As I stepped into the shower I mulled of over all the other things I’d learned in the last few hours. From being at the hospital, consulting Google, reaching out to my Facebook mum groups and calling a friend whose daughter had been through the same ordeal a few years earlier. 

Firstly I’d discovered that Ida had very likely been in a ‘pike’ position in my womb for a considerable amount of time. Essentially, she was sucking her toes, with her head up under my diaphragm and her bum in my birth canal. This had resulted in her hip sockets not developing into round ‘cups’ over the balls of her hips. Instead, the socket was very shallow; almost flat, and the ball could therefore slip out at any time. A condition called Developmental Dysplasia of the Hip (DDH), which affects 1 or 2 in every 1,000 babies and is apparently more common in firstborn girls. (Just our luck then). What the Pavlik harness would do is keep Ida’s legs in an ‘M’ or ‘froggy’ position and allow that flat piece of bone to grow into a socket over the ball of the hip. It would take approximately 12 weeks. Ingenious really when you think about it. 

And so an obsession with my daughter’s legs consistently being positioned in the shape of an “M” was born. I spent a lot of time on the International Hip Dysplasia Institute website, learning about the types of swaddling, baby wearing and baby paraphernalia that promote healthy hip development. I’d say the best thing I ever bought for taking care if Ida’s hips; was our Connecta baby carrier. It sat her hips in the right position for recovery and I took to wearing her constantly; sometimes for up to 6 hours a day. In fact it was Ida’s DDH that turned me on to all the other benefits to be gained by baby wearing. I occasionally see the odd parent out and about with a front facing carrier where the legs are hanging straight down and I resist the urge to run over and tell them about Hip Dysplasia and healthy hip development. “The pressure that position puts on their hip joints can potentially be very damaging”, I want to say, “get a Connecta or similar!” But I never do of course. Perhaps I can hope instead that this week – Hip Health Week – a campaign launched by Steps Charity Worldwide – is getting the message out there better than I can by running up to random strangers in the street.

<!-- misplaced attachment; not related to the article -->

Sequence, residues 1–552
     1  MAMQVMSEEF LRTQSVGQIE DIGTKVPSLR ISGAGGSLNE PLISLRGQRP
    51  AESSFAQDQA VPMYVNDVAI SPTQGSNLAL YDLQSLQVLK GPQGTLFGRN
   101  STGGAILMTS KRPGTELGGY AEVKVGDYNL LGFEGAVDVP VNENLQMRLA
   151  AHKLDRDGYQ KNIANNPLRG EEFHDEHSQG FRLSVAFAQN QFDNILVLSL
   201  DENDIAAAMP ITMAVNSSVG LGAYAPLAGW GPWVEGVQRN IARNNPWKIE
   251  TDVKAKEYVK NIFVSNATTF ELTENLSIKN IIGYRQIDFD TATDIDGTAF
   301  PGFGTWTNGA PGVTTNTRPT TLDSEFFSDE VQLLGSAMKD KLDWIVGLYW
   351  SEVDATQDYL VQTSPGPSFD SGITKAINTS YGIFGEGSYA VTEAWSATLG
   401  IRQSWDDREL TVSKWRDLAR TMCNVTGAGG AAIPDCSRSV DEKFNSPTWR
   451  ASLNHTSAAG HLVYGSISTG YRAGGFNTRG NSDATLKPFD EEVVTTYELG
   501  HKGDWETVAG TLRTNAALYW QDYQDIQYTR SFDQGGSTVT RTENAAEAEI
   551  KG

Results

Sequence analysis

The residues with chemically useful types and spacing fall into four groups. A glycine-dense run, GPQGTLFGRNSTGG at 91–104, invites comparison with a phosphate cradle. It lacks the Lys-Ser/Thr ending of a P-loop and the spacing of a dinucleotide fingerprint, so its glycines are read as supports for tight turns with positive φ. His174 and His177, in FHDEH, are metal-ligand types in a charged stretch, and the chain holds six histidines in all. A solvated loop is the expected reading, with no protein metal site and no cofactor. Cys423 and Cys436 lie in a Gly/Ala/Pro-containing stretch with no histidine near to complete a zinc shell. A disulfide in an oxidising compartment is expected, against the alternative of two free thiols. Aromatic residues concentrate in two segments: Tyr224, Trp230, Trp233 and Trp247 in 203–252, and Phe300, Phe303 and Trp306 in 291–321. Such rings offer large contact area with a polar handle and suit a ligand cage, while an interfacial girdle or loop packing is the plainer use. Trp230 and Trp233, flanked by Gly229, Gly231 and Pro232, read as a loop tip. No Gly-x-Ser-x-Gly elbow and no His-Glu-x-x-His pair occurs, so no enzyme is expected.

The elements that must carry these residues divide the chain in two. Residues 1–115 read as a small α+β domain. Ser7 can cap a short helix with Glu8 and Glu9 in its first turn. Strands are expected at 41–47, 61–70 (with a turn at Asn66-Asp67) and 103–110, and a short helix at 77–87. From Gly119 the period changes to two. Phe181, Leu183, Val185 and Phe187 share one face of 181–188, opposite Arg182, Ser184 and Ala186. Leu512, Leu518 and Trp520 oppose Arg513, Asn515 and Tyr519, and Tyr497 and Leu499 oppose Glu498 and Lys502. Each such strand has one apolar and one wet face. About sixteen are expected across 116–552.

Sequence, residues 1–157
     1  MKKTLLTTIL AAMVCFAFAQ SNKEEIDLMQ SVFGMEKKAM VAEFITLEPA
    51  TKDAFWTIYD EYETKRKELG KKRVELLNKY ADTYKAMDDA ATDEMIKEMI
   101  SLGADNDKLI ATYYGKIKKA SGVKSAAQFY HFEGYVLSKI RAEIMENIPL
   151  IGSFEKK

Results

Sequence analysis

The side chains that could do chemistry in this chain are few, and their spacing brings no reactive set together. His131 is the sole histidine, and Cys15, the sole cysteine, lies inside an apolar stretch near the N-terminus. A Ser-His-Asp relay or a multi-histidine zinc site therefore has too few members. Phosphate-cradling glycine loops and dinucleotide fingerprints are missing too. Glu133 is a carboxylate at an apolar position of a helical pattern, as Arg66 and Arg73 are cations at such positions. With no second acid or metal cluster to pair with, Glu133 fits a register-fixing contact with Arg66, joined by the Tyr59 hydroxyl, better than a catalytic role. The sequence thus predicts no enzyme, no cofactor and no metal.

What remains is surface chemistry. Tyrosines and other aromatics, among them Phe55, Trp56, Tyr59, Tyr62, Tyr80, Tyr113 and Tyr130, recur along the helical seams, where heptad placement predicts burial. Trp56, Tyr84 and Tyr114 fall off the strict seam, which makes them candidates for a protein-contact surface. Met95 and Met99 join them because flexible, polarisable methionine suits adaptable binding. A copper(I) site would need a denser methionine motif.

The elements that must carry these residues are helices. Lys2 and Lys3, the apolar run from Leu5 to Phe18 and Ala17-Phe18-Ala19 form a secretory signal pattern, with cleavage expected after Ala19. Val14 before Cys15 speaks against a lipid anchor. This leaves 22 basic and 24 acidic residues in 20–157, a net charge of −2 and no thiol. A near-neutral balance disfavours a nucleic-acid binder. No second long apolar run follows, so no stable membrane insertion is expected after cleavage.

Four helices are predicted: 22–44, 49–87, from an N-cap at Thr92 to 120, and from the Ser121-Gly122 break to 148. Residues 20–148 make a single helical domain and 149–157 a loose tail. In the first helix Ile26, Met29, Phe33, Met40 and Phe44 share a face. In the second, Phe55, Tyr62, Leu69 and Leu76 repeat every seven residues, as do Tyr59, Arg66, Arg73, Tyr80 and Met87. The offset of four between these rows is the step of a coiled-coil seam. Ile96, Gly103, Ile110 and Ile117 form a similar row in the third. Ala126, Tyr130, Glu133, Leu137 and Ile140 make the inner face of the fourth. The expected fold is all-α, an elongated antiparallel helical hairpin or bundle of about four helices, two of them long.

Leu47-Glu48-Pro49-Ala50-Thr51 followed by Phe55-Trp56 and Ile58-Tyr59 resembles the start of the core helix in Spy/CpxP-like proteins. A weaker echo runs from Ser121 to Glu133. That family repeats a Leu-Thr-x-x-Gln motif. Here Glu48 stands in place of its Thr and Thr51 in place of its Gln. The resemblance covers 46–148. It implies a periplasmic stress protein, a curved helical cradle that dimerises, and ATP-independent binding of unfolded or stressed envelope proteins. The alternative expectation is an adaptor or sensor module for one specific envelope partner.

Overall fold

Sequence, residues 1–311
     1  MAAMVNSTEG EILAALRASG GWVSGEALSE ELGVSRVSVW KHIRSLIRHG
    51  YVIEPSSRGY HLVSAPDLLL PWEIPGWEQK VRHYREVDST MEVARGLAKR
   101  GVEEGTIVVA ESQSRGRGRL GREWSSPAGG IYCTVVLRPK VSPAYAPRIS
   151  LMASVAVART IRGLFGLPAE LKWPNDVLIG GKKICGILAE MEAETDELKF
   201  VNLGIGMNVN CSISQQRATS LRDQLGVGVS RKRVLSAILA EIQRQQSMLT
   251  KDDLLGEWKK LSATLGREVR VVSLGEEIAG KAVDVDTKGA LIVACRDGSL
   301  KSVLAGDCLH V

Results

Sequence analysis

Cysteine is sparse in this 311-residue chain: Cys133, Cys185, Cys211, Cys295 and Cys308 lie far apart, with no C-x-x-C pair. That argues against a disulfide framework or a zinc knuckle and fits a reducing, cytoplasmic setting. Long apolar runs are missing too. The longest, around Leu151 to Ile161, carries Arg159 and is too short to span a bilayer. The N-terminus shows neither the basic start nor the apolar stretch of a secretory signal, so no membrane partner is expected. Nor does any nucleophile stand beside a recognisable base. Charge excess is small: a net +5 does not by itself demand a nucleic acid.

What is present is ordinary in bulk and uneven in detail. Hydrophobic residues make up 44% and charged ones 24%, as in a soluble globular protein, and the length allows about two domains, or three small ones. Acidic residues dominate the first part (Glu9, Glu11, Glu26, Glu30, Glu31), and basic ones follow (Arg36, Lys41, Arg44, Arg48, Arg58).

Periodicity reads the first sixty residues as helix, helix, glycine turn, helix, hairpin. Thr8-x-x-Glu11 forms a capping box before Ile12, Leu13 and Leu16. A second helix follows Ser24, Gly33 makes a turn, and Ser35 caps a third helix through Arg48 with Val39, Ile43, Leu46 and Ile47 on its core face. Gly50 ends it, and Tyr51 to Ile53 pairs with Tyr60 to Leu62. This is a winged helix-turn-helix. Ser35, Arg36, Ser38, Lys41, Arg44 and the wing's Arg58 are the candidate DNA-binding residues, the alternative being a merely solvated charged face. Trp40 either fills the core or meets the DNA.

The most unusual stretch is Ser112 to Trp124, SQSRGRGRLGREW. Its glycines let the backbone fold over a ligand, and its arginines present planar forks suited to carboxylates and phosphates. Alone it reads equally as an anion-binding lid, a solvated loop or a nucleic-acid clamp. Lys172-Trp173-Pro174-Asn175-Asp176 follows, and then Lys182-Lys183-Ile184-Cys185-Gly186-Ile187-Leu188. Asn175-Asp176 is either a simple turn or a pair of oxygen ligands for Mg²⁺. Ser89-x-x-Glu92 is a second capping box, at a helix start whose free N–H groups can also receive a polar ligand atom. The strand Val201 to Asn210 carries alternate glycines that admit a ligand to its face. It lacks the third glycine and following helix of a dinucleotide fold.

Among the other things that I bought to help me take care of Ida while in her Pavlik harness, were a couple of seats that didn’t restrict her hip position and a car seat where she could sit with her legs splayed as widely as possible. I’m sure friends and family saw me throwing money at the situation and thought I was going a bit over the top, but beware the mummy lioness on her mission to do her utmost for her baby! Nope – the car seat simply had to be swapped!

However, aside from making these changes and notwithstanding my hysterical tears that first night after diagnosis, life in a Pavlik harness became pretty normal for us all fairly quickly. I became extremely grateful to the hospital where Ida was born for catching her condition when they did. Had she been left to start walking without treatment, there’s every chance she’d have ended up in a Spica cast in toddlerhood. Spica casts are rigid, fibreglass affairs; often with a bar between the knees to hold the legs firmly in position and rendering said toddler stationary for months at a time.  The Pavlik harness didn’t seem like such a struggle to deal with after learning how much worse things could have been!